Here is Peter Tosh with his version.

Friday, 4 August 2017


I was just reminded of a Little Feat song, Two Trains, which must have subconsciously influenced this post's poem.
Things like this happen all the time. We draw inspiration from all that is around us.

Early on our temporary parallel path
she gifted the key to understanding.

It was nothing special,
a pressured, bad decision
with domino consequences falling.

She had hers.
I had mine.

Two trains travelling in opposite lines,
alternate endings wait in the wings.

The difference was this:
I kept my own counsel. 
She saw nothing remarkable in me.

I sped away onwards towards today.
I have to confess I had to look up, just now, if it was onwards or onward- Paul and Jinny I need your grammar skills now!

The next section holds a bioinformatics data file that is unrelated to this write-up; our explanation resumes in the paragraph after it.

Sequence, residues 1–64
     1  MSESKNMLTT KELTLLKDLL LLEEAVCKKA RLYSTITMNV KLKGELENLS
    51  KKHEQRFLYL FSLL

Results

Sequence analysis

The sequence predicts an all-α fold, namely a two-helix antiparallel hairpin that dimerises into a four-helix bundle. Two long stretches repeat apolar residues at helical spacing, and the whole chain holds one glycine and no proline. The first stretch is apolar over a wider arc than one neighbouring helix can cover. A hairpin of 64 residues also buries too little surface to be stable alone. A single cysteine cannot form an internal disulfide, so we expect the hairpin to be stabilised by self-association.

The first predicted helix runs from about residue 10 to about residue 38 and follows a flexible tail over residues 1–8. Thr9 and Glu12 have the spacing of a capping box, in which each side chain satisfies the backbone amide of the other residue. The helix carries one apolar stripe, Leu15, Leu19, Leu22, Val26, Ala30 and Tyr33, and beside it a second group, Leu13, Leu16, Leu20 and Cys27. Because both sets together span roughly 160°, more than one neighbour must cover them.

Here is Little Feat with said song.
And here they are in all their live glory.
Superb stuff.

Monday, 31 July 2017


Two weekends ago I was invited to the Tropical Pressure Festival to run a poetry workshop. What a lovely little festival it was!
Firstly thanks to Nikki, Marcel, Mike, Alison, Luke, Mark, Sarah and Mike for attending said workshop and putting so much effort into the exercises. 
Here's the poem [in a rough draft] that I wrote in the workshop.


Miles Davis on his t-shirt,
he's got his mojo back,
is coolness in human form
and now the world is music.

Christine makes the yeast rise.
He holds her in the night,
warm, safe, unaware
of how little time they have left.

The situation is fluid,
but Bernard is married to his bricks and their mortar,
he will sink in the flood that is to come.
His son mirrors his certitude,